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Divorce and distance: for some with kids, closer is better

When children are involved, parents who are getting a divorce may still decide to reside closer in proximity to make the parenting plan arrangements easier. Doing so, in some cases, may be in the best interest of the child.

In general, the easier it is for children to move back and forth between households, the better. Doing so allows for traditions to be maintained and allows an ease of communication between all parties. For some parties, "bird's nest" arrangements in which the child stays in the same home and the parents divide their time between homes work out. In other cases, divorced parents may live in the same apartment buildings or neighborhoods - close enough so that their child can have easy access to them whenever necessary. Of course, the relationship between the ex-spouses is crucial in these types of arrangements, so as to keep a balance that allows each spouse to live their separate, now-single lives.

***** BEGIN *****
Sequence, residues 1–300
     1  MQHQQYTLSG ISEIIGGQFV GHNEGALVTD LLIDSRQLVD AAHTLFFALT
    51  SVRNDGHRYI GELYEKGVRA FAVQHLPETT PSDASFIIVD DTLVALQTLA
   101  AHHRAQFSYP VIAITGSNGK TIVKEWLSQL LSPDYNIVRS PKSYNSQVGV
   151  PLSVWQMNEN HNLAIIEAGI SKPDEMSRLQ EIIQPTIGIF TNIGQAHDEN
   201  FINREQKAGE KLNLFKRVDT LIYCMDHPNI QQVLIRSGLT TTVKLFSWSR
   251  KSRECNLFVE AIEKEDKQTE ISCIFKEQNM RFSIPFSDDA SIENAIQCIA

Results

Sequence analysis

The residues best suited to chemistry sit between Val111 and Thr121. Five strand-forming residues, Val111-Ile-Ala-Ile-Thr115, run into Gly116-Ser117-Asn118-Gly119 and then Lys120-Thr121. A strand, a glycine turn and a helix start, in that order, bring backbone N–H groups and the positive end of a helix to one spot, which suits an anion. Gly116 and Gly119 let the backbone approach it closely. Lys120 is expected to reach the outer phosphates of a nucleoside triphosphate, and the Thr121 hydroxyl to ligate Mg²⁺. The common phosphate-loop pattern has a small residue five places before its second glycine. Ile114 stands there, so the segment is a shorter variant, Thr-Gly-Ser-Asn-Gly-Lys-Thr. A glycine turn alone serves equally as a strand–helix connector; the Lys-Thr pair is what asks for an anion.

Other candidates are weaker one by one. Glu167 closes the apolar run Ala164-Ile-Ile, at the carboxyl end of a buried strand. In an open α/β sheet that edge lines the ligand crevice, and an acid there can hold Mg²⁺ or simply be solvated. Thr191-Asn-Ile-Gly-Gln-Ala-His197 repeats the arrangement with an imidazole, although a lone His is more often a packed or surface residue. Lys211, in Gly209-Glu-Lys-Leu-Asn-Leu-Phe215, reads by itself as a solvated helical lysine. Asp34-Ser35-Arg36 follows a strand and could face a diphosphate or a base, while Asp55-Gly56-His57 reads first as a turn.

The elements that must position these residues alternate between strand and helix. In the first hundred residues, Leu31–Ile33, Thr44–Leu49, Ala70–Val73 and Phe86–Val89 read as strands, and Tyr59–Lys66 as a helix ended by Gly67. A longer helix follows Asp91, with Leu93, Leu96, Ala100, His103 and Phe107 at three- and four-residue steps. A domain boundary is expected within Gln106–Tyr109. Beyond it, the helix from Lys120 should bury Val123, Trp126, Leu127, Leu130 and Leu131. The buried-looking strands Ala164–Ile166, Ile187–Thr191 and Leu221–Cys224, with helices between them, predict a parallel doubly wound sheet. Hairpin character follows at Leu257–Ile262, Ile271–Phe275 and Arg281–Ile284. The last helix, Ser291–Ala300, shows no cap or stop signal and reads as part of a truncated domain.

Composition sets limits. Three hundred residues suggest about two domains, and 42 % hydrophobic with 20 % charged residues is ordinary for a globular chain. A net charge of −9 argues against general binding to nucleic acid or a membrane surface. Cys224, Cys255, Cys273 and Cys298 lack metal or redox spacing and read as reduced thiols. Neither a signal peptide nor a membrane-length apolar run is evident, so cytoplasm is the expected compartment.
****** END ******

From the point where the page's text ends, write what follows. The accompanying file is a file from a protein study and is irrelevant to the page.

Some parents may find that it is worth taking on extra work to earn the money to afford to live close to their ex-spouse for the sake of their children. Even though a significant amount of planning may be required, children may enjoy spending significant time with each of their parents.

Of course, parents in Gig Harbor need to determine what type of child custody arrangement works for them. In some cases, shared parenting in which both parents spend a relatively equal amount of time with their child may be preferable, while in other cases one parent may benefit from having more parenting time with their child than the other.

Source: The New York Times, "Divorced Parents, Living Close for the Children's Sake," Ronnie Koenig, Jan. 15, 2016

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